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Review: Beware the Batman: Fall

Editor’s Note: This is the second episode of Beware the Batman that was not previously aired during it’s original run on Cartoon Network late last year. No official screens or videos have been released by WB for the remaining episodes.


Episode 13 of Beware the Batman begins with a flashback to Alfred’s spy days. Ra’s al Ghul is confronting him and informs him that his partner betrayed him. His partner is Katana/Tatsu Yamashiro’s father. Further flashbacks reveal this is the night the elder Yamashiro died and that Alfred promised Katana’s mother to take take care of the young Tatsu, just a baby at the time.


In the present day, Alfred, Katana, and Bruce Wayne all head to Wayne Industries to see Dr. Jason Burr turn on the completed Ion Cortex for the first time. However, when they arrive, they find Burr’s office ransacked and the Ion Cortex gone. A video left by Burr reveals that he has accepted an offer from the League of Assassins to give them the Ion Cortex. After the video concludes, the office blows up. Strangely though, they survive, and the only injuries sustained are some minor scratches to Katana. While she is bandaged up by Alfred, Bruce uses the company’s computers to discover that the League is using a Wayne Industries truck to transport the Ion Cortex. The hunt is on.


Subtly following them at first, Batman and Katana begin their pursuit of the League of Assassins, but soon they find that Jason Burr has jammed the signal on the truck’s GPS. Forgetting all pretenses of a stealthy pursuit, Batman and Katana begin an all-out effort to find the truck again and to stop the League. The chase leads them to a power station in a cave on the outside of Gotham. Batman informs Katana that if the Ion Cortex goes online here, it could wipe out power for all of Gotham City. Batman and Katana need to get into the power station, get past the ninjas with rocket launchers and machine guns, and stop Jason Burr (who is still suffering from Cypher’s mind control) from starting the Ion Cortex.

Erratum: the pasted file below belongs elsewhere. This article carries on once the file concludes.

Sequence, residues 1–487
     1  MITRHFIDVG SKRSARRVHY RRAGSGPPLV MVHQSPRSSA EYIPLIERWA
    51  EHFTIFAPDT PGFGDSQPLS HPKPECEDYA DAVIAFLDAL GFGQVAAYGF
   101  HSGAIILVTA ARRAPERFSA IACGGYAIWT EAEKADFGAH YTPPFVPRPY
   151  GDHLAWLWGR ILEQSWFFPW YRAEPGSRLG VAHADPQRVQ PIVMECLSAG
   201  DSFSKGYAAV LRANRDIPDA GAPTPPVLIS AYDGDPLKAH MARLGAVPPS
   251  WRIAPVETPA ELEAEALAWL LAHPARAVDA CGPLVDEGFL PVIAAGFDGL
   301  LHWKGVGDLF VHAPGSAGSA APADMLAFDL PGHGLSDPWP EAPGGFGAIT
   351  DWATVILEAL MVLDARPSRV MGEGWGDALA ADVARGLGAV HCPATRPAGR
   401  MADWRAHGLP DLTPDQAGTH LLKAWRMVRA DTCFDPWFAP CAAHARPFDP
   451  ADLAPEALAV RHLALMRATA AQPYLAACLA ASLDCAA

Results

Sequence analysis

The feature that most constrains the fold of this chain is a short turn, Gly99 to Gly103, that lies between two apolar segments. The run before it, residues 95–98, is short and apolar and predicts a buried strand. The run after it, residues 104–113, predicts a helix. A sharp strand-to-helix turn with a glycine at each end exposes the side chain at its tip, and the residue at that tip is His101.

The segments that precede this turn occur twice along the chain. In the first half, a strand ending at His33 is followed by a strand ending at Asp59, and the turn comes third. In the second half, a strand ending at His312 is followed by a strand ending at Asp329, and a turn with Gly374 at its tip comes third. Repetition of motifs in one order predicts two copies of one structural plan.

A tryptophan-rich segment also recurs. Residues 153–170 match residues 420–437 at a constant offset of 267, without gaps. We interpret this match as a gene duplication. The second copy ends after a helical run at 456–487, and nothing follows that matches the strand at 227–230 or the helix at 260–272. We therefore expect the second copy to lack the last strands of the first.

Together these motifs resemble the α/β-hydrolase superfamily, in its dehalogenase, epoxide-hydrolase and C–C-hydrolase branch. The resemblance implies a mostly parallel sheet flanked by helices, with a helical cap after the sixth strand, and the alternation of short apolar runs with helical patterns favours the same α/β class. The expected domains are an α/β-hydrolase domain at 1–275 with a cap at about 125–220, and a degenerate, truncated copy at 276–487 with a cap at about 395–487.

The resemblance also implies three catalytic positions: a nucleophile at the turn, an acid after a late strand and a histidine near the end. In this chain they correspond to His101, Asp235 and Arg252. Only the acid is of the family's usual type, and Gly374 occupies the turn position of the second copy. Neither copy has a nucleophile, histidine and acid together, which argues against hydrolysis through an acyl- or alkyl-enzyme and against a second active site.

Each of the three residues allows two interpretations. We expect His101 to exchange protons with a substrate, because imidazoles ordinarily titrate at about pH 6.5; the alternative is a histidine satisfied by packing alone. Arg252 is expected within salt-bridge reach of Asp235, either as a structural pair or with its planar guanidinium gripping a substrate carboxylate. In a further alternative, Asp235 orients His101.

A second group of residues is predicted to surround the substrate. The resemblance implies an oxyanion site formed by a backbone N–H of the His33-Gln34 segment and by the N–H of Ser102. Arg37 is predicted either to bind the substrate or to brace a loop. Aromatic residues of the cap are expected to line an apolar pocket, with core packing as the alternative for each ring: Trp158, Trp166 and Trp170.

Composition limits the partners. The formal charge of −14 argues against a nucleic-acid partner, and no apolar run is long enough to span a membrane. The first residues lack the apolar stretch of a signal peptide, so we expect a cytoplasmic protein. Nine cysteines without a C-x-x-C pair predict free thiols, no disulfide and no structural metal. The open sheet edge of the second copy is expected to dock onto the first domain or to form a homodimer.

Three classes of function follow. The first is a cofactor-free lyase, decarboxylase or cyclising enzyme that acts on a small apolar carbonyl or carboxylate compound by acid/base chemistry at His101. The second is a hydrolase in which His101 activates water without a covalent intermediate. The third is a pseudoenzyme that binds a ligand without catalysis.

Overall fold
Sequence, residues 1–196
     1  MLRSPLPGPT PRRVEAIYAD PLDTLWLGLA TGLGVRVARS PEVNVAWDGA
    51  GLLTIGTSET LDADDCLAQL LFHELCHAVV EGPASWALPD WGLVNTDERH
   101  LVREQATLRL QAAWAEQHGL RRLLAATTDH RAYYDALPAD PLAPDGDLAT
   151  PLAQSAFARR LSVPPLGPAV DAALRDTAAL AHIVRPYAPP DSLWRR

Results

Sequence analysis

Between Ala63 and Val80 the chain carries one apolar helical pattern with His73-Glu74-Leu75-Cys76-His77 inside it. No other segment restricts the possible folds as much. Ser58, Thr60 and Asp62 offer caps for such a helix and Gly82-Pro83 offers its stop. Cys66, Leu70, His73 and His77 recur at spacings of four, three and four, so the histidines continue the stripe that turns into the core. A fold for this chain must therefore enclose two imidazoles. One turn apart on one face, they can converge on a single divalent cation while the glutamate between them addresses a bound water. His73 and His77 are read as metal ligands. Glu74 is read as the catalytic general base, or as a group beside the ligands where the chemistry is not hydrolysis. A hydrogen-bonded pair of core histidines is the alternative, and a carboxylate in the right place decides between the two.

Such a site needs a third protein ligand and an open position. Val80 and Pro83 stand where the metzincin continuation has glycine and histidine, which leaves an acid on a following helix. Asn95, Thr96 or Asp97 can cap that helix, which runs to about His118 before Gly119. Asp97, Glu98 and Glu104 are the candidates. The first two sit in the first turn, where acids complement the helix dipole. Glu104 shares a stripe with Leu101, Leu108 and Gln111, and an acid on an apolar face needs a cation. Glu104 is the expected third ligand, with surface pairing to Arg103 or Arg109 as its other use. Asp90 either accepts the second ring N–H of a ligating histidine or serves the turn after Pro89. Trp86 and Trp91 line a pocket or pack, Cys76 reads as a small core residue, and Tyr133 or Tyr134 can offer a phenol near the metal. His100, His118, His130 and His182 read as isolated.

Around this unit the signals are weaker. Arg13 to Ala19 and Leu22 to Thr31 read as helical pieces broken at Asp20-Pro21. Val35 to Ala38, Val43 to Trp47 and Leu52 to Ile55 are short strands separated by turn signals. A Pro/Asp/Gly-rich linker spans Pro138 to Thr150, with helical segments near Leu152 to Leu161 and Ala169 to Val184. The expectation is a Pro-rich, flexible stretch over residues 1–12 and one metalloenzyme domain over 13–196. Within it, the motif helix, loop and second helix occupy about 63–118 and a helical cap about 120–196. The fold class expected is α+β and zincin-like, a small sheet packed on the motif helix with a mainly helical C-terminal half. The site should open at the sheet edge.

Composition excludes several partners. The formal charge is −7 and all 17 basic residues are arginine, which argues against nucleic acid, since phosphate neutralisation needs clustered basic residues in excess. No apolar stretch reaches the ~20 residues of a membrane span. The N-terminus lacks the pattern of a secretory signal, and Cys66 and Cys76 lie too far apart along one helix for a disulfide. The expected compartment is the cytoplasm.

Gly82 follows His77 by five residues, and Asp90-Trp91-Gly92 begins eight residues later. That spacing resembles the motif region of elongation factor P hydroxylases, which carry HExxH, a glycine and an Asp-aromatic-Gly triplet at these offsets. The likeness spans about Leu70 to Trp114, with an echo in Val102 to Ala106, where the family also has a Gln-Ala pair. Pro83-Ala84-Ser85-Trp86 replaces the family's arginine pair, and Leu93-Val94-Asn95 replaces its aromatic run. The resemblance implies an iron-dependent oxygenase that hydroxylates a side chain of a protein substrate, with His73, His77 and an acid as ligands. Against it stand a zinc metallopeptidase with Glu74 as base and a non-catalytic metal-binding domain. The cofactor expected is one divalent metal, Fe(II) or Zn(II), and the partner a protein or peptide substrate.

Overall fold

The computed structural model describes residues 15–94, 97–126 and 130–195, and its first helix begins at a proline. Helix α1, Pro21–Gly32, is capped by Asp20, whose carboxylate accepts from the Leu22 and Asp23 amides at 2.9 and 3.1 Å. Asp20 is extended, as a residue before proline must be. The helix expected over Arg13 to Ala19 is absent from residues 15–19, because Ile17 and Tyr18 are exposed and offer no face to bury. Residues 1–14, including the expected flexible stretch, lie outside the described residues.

Interspersed between these scenes are flashbacks to Alfred’s early days as the Wayne’s family butler and the steps he took to protect young Bruce, including teaching him to defend himself and overcome his limits. This early peek into Bruce’s life offers a glimpse into how Bruce was molded into the crime-fighter he is today and how much influence Alfred has had on his life.


This episode plays like a movie. Fast paced and action-packed with a cliff hanger for an ending, this episode definitely ups the ante for Batman and Katana. The added pressure makes the suspense of the episode more enjoyable. However, while it is good that “Fall” plays like a movie, it also bad because it plays like a specific movie. The showdown with Ra’s al Ghul, the impending doom for Gotham City, the series of flashbacks, and discussion of Bruce’s limits are reminiscent of the Christopher Nolan films, especially Batman Begins. Furthering the failings of the writing are errors of continuity. When the chase reaches the wilderness outside of Gotham, there is snow on the ground. While they were in the city, there were no signs of winter at all. Also, when fighting the League in the power-station cave, Batman and Katana had to dodge gunfire. Previously, the League had only used swords and archery. Why the sudden and dramatic change in their modus operandi?


The writers deserve credit for crafting a dramatic climax to the League of Assassins story arc, but fail on measures of creativity, originality, and continuity.


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  • - 70%
  • Total Score 70%